2. 2. P a g e 2 A r t i s a n s Q u a r t e r l y R e v i e w T h e A r t A l l N i g h t E x p e r i e n c e Artisans of the Valley joined the 2012 Art All Night extravaganza in full force! We brought in five pieces and helped transform the otherwise offline Roebling Market Wireworks building in Trenton, NJ into an all out all night cultural frenzy. When there’s a blast furnace in play the evening is gonna be pretty hot. Molten iron and flames right out on the sidewalk in the middle of Trenton is just not something you see every day. A full story of orange flames in an urban backdrop often means serious trouble; on this night it means the fires of creation are burning like the Beacons of Gondor! AbOmInOg Intl. Arts Collective cast dated limited edition casting medallions live at the event. Eric couldn’t resist picking one up. What an interestingly unique item to add to his eclectic collection of objects! This year’s Art All Night-Trenton marks the second historic collaboration between these two dynamic forces as they once again bring the mesmerizing art of a live iron pour to inner-city Trenton. The creative entwinement of the arts, and a truckload of sweat from the Artworks team, built this event into a yearly icon of culture. Over 16,000 people attended, a new record! For 2013 we’re hoping to call on the furniture and fashion communities to up the ante even further!
  3. 3. P a g e 3 A r t i s a n s Q u a r t e r l y R e v i e w O u r P a r t i n A r t A l l N i g h tArtisans came out for Art All Night 2012 with five pieces.We figured this was a good cross section to introduce ourwork to the Artworks community. 1) We included one of our signature New Wave Gothic Tables in quarter sawn white oak. Available by commission. 2) Our African bubinga slab over marbleized concrete dining table. (Currently available for sale at $9,500) 3) Eric’s master’s papers, an illuminated manuscript by Rosemary Buczek on hand- made goat skin parchment by Pergamena. The frame is in our New Wave Gothic style. Available by commission. 4) A cedar slab over marbleized concrete pedestal gaming table. The game board in Swiss pear, leopardwood, and ebony. (Currently available for sale at $1,949) 5) A white pine parrot by Bob Eigenrach, chainsaw carving with hand detail colored to the natural tones of the bird. Available by commission.We took note that there were not too manyfurniture makers at this year’s event. Our planfor 2013 is to spread the word to ourcolleagues and increase the density of woodwithin this gallery.This is a great venue, and draws an amazingand eclectic crowd. The more artists we canattract, the greater the positive impact thisevent will have on the art community.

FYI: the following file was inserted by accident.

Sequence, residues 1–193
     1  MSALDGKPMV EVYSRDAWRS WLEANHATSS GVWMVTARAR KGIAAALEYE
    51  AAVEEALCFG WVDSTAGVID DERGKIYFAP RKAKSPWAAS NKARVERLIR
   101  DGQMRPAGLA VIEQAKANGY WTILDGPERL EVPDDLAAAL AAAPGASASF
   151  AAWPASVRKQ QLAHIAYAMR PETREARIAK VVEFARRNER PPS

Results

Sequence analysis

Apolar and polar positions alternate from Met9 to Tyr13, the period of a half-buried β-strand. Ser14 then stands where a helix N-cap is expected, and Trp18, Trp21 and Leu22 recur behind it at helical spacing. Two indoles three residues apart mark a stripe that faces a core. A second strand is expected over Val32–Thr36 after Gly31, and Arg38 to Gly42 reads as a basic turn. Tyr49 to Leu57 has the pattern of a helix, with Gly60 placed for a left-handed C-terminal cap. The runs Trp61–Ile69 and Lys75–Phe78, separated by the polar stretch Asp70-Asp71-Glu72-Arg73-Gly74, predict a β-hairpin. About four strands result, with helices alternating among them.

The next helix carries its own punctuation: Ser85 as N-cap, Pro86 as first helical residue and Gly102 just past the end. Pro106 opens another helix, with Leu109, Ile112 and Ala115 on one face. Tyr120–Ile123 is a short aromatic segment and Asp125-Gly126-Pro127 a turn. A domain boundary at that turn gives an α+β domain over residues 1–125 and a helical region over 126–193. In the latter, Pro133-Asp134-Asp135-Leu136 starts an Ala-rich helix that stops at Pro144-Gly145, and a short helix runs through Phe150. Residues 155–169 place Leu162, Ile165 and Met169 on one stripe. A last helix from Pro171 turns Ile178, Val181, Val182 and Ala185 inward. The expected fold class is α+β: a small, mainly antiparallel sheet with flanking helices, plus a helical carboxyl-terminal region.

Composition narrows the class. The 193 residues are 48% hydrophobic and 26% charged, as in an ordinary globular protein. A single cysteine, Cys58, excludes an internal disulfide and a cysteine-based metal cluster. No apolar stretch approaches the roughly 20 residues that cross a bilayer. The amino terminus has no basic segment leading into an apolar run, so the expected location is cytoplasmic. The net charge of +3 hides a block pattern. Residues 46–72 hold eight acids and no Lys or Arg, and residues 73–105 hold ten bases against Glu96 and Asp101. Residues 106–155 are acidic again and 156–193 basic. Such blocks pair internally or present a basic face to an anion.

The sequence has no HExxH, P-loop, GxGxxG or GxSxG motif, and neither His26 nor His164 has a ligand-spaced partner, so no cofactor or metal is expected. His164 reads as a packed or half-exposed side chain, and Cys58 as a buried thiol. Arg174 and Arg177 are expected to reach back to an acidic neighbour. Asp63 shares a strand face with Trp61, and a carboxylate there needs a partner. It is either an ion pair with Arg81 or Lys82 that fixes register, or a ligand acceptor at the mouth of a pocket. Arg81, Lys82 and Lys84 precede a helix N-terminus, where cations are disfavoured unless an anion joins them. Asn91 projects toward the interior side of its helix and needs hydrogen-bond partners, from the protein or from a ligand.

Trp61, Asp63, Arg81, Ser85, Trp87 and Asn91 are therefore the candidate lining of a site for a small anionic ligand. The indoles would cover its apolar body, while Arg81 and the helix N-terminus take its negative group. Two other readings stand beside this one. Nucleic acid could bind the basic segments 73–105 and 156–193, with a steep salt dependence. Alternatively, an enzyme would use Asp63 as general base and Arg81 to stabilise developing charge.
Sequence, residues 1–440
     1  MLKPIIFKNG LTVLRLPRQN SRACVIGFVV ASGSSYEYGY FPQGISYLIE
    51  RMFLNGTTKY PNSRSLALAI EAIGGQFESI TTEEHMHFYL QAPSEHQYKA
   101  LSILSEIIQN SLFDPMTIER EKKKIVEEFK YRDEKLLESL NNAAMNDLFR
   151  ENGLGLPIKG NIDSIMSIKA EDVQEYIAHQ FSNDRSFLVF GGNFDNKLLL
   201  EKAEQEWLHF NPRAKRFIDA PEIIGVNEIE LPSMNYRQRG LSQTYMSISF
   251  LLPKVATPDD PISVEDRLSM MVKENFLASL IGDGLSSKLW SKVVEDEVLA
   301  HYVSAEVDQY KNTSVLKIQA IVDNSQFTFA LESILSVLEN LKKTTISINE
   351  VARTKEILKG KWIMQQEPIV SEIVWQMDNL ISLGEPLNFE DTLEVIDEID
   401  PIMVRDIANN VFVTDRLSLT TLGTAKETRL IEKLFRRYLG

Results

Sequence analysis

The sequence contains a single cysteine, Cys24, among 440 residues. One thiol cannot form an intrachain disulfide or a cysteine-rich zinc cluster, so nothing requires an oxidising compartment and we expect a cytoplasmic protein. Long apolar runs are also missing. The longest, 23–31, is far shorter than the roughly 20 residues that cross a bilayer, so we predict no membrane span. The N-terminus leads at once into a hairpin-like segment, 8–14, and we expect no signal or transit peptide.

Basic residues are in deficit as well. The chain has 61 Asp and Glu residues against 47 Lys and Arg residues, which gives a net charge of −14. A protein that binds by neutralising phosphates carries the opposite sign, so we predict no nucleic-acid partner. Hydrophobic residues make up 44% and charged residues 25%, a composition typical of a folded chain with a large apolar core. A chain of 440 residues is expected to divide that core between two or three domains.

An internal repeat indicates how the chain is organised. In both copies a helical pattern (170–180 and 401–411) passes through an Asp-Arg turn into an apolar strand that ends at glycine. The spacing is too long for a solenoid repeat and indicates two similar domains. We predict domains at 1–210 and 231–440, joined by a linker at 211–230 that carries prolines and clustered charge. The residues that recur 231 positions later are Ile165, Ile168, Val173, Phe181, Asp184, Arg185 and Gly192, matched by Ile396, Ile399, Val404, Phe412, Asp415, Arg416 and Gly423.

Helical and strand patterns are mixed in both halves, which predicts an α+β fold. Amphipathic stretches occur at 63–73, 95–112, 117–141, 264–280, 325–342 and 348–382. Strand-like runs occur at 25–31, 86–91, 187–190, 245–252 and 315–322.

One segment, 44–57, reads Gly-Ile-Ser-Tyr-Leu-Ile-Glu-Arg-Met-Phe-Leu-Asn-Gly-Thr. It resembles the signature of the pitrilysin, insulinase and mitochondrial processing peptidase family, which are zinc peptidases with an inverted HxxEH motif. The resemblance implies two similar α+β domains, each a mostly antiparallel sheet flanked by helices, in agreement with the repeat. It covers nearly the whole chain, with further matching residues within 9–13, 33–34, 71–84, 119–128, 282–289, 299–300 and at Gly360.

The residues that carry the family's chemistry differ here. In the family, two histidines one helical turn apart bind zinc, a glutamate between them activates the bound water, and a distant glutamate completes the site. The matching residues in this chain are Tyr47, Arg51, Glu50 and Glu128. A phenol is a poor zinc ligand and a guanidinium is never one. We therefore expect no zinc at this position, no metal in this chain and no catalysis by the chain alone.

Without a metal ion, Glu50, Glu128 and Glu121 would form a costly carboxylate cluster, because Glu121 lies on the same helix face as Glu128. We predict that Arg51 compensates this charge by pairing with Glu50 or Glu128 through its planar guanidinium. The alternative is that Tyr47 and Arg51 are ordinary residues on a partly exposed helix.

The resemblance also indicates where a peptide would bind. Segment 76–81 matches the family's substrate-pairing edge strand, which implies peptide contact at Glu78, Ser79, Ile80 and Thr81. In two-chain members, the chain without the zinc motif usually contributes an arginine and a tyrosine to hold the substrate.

4. 4. P a g e 4 A r t i s a n s Q u a r t e r l y R e v i e w A r t A l l N i g h t S o m e o f t h e A r t w o r k
  5. 5. P a g e 5 A r t i s a n s Q u a r t e r l y R e v i e w C r o w d e d A r o u n d A r t a t N i g h t
  6. 6. P a g e 6 A r t i s a n s Q u a r t e r l y R e v i e w C r e a t i v e Y a r d N o o k sHere’s a 2012 original Michael Pietras project! Pullingaway even further from our traditional line this projectincorporates a repurposed railroad tie, custom castconcrete, reclaimed douglas fir beams, and a 3/4” slab ofglass.The combination creates a permanent and elegant seating arrangement for a small corner of a garden patio. The seats aresoaked in Waterlox marine grade tung oil, the railroad tie is obviously treated, and the concrete and glass are weather proof. Witha very sparse use of material, this is a minimalistic approach.The seat bases were cast in simple custom made wood molds in fiberglass reinforced concrete. They are joined to the wood withmortis and tenon joints and construction adhesive. The concrete is dyed, a permanent color through the entire depth of thecasting.The seats are not stained, they are actually burned to createthe contrast in grain. This process creates color resistant tosunlight. Where stain may slowly bleach, charring creates acarbon surface that actually hardens the wood.The glass shelf floats, it is not secured in the groove in anyfashion other than gravity against the slight angle of the cut.This process allows naturalexpansion and contraction totake place without riskingdamage to the glass.